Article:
The message you are about to hear is not new. But keep reading. A lot of businesses didn't get the message the last time, and they continue to pay the price.
Every other year, the Association of Certified Fraud Examiners (ACFE) issues a report on occupational fraud and abuse. The 2012 report, released earlier this year, tells the same story as was told in the first report, in 1996. Only the numbers have changed.
Occupational fraud is a big problem for businesses, in the United States and around the world, costing companies worldwide an estimated 5 percent of their gross revenues, more than $3.5 trillion, during 2011. Nevertheless, thousands of businesses either do not establish or do not adhere to controls that could have a significant impact on reducing fraud within their operations.
And, for as long as businesses give their employees the opportunity to steal, some of them will take advantage of it. And, by the time fraud is detected, losses can reach levels that could be devastating to small and mid-sized businesses.
Consider these findings from the 2012 report:
Frauds reported to ACFE took a median of 18 months to detect, and the median loss was $140,000. Losses in one out of five cases totaled $1 million or more.
The longer the perpetrator has worked for an organization, the higher the loss is likely to be. Frauds committed by employees with 10 or more years of experience caused a median loss of $229,000. Those committed by individuals in their first year on the job had a median loss of $25,000. The message, while obvious, is often ignored: the employees you are more likely to trust have the potential to do the most damage.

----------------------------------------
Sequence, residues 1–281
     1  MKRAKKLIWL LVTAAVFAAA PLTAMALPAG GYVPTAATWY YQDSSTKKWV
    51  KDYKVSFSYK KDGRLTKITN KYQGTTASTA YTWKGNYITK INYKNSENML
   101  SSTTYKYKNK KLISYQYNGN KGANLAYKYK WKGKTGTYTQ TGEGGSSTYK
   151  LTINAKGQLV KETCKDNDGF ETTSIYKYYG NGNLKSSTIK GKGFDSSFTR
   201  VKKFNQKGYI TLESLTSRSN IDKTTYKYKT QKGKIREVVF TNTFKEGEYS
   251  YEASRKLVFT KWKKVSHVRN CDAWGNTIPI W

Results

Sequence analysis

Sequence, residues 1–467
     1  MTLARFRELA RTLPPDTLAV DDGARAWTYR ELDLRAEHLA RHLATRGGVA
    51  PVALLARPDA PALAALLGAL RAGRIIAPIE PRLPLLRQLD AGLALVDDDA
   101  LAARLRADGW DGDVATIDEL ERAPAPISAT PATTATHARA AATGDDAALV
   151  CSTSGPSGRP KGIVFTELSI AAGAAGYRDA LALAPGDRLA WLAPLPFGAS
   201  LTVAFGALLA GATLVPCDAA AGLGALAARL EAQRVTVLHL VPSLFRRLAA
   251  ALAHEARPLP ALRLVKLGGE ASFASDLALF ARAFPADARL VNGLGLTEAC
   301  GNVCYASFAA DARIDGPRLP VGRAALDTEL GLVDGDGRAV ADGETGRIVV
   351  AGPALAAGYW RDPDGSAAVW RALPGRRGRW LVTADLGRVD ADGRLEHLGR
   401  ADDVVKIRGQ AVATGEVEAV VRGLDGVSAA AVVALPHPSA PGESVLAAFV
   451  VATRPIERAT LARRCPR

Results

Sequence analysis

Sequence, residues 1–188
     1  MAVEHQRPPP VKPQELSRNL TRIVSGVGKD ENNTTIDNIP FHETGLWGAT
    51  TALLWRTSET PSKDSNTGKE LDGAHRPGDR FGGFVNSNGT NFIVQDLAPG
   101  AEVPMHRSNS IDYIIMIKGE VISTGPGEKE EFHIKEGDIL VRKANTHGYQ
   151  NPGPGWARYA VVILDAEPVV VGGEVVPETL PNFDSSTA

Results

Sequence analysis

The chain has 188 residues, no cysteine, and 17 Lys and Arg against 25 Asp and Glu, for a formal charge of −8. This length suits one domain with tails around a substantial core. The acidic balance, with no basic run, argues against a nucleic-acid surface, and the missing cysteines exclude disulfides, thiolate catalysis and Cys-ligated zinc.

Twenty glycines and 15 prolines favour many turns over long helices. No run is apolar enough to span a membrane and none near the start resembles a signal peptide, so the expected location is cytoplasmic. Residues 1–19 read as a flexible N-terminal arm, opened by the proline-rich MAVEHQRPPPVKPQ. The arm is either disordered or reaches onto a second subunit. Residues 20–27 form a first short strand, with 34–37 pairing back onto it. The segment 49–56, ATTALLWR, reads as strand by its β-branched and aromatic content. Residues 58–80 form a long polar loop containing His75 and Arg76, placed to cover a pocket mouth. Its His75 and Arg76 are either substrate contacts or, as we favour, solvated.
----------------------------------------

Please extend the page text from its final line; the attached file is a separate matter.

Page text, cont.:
Perpetrators with higher levels of authority tend to cause greater losses. The median loss for frauds committed by owners/executives was $573,000, compared with $180,000 for managers and $60,000 for employees. The message: strong controls are needed at the top, and throughout the organization.
Most occupational fraudsters are first-time offenders with clean employment histories. Of the perpetrators in reported cases, 87 percent had never been charged or convicted of a fraud-related offense and 84 percent had never been punished or terminated by an employer for similar conduct. The message: a clean past is no guarantee of a clean future; rather, it might mean that the perpetrator has never been caught before.
Nearly half of all occupational fraud victims never recover any of their losses.
The ACFE uses three broad categories to describe fraud: asset misappropriation, corruption, and financial statement fraud. The vast majority of frauds (86 percent in the report) involve asset misappropriation, which covers everything from removing inventory from a warehouse to skimming cash before it is recorded on a company’s books to claiming overtime for hours not worked or reimbursement for nonexistent business expenses. Corruption cases cover bribery, conflicts of interest and accepting kickbacks or gratuities from vendors. Financial statement fraud includes a variety of activities associated with overreporting or underreporting assets or revenues. READ MORE
To view additional articles, please go to: